Animated Chart: The Rise and Fall of Music Sales, by Format (1973-2021)
The Rise and Fall of Music Sales, by Format (1973-2021)
We live in a world of music. Whether when driving to work or jamming out at home, people around the world like to have their favorite tunes playing in the background.
But while our love for music has been constant, the way we consume media has evolved drastically. The past 50 years have seen many different music formats used to access these tunes, mirroring society’s shift from analog to digital.
This video, created by James Eagle using data from the Recording Industry Association of America (RIAA), highlights sales of different music formats in the U.S. over the last 50 years.
Up until the late 1980s, vinyl dominated the music format industry, earning billions of dollars in sales annually. Records of Bruce Springsteen’s Born to Run or Pink Floyd’s Dark Side of the Moon were some of the top selling albums available.
Vinyl is said to provide its listeners with analog sounds that reverberate and the warm notes of almost-live music. For vinyl users and enthusiasts to this day, the music produced by these sleek yet massive records is unparalleled.
If you’re a millennial (or younger), you may have never heard of the 8-track. But this music format played an integral part in the history of music.
When the booming automotive vehicle industry found it challenging to translate the music experience to cars using vinyl, it looked to the “Stereo 8” eight-track cartridge, better known as the 8-track. This cartridge used an analog magnetic tape and provided 90 minutes of continuous music play time.
8-track carved a niche for itself much before the advent of cassettes and CDs. And through the proliferation of vehicles, 8-track sales climbed to reach a peak revenue of $900 million in 1978.
The era of cassettes pushed 8-tracks into the history of music in the early 1980s. These pocket-sized tapes were more convenient to use than 8Tracks and quickly spread worldwide.
By 1989, the cassette format reached its peak revenues of $3.7 billion.
First released in 1982, the Compact Disc or CD came into the music market as the successor to the vinyl record.
Developed by Philips and Sony, sales of the sleek and portable CD grew quickly as home and car stereos alike added CD functionality. The format brought in $13.3 billion in revenue in both 1999 and 2000. To date, no other music format has reached the same milestone since.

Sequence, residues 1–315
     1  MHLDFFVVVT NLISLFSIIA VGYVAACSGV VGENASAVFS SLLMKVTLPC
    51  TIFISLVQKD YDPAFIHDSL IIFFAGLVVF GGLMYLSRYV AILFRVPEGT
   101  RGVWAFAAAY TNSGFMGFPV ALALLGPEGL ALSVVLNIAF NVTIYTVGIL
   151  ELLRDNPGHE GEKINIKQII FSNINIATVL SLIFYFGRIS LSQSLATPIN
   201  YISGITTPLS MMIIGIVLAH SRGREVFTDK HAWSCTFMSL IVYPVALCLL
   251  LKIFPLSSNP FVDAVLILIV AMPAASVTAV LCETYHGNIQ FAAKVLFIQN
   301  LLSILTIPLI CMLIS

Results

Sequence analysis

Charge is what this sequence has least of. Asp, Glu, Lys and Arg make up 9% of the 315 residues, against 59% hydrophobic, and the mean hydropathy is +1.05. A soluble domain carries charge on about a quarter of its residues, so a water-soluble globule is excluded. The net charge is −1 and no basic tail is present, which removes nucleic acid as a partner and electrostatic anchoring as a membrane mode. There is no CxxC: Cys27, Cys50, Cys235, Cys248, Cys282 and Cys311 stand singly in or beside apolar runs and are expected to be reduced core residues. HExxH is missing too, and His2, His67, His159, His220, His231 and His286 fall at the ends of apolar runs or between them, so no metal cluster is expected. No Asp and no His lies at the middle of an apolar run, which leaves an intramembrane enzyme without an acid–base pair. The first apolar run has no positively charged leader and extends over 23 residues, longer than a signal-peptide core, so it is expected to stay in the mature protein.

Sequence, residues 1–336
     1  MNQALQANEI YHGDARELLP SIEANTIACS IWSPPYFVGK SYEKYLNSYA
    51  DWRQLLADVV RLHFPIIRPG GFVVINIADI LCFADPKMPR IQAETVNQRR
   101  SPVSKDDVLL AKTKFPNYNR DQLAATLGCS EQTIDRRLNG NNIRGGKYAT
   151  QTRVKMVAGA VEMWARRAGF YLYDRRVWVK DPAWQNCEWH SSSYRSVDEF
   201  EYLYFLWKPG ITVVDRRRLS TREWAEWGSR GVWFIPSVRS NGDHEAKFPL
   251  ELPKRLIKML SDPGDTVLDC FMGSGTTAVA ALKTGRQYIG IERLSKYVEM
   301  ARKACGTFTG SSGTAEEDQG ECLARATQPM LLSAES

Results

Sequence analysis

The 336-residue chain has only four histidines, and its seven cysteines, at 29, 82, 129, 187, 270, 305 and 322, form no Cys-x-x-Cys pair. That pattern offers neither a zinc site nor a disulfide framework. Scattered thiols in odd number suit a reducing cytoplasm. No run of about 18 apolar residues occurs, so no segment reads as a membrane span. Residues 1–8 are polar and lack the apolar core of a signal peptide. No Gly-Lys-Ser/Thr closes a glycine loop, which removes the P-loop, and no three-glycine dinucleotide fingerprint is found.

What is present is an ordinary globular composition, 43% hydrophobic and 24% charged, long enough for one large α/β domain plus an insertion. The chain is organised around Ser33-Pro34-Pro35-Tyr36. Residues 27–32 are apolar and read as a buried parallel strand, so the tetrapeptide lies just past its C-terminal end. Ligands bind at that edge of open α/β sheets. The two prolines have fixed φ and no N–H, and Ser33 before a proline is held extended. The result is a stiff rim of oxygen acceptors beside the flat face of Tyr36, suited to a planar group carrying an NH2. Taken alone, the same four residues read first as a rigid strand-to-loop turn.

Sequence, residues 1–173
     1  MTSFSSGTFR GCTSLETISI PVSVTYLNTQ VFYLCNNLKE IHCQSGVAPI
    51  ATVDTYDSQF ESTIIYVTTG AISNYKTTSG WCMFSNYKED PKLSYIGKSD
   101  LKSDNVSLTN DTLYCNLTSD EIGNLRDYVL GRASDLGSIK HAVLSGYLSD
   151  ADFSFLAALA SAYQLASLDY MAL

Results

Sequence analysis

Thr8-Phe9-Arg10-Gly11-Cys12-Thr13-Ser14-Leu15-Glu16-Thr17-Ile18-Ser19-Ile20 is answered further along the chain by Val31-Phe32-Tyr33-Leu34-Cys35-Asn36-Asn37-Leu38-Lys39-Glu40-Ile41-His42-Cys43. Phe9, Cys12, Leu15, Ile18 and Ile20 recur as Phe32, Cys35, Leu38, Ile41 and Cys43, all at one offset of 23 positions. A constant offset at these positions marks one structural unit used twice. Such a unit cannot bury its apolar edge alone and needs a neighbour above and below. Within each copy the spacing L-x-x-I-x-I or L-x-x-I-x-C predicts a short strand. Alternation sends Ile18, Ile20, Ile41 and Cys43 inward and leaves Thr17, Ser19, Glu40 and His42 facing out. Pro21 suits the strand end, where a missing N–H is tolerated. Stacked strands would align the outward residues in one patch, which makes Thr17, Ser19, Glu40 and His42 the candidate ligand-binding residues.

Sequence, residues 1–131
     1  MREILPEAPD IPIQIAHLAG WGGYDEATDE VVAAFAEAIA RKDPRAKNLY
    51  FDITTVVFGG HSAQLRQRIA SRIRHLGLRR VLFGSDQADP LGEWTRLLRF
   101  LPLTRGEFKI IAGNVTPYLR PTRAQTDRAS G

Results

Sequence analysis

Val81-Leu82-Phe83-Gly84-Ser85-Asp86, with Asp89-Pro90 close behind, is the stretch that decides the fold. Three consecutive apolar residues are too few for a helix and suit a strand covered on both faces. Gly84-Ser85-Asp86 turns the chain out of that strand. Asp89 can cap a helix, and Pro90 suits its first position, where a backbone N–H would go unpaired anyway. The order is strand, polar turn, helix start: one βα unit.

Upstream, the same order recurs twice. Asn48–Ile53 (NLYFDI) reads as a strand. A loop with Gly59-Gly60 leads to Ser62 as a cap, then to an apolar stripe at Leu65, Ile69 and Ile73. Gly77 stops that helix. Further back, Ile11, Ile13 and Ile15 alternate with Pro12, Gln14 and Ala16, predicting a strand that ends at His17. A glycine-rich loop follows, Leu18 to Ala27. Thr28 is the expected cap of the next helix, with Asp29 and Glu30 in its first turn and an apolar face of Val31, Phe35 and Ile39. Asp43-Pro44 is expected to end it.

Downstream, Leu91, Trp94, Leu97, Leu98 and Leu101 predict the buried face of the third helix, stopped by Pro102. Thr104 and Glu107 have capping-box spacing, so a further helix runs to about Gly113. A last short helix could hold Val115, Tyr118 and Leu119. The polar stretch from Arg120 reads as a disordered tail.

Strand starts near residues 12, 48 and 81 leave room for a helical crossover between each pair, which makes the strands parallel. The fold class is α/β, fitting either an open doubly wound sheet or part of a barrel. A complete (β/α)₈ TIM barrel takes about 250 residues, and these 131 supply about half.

Digital Music Formats
When it comes to preferred music formats over time, convenience (and cost) seem to have been the biggest catalysts of change.
From the start of the early 2000s, CDs had started to be replaced by other forms of digital storage and distribution. The massive shift to internet consumption and the introduction of digital music, available through downloads, pushed audio CD sales down rapidly.
The launch of streaming platforms like Spotify in 2006 exacerbated this decline, with CD sales dropping by around $4 billion in five years.
Digital sales continued to evolve. Ringtone sales alone brought in $1.1 billion in 2007, and in 2012, the revenues from downloads shot up to a peak of $2.9 billion. But music streaming platforms kept climbing through 2021, and will likely continue to be the future face of music consumption.
|Rank||Music formats||Revenue in 2021|
Music streaming and subscription services pushed the accessibility of music to new highs, especially with free ad-supported platforms.
In 2021, streaming secured the music industry a whopping $11.5 billion in sales, good for 76% of the total. If it keeps growing in popularity and accessibility, the format could potentially challenge the peak popularity of CDs in the late 90s.
The Vintage Comeback?
There’s no doubt that digital music formats are getting increasingly popular with every passing year. However, one of our vintage and beloved music formats—the vinyl record—seems to be making a comeback.
According to the RIAA database, the revenue earned by LP/EP sales has shot up to $1.0 billion in 2021, its highest total since the mid-1980s.
This article was published as a part of Visual Capitalist's Creator Program, which features data-driven visuals from some of our favorite Creators around the world.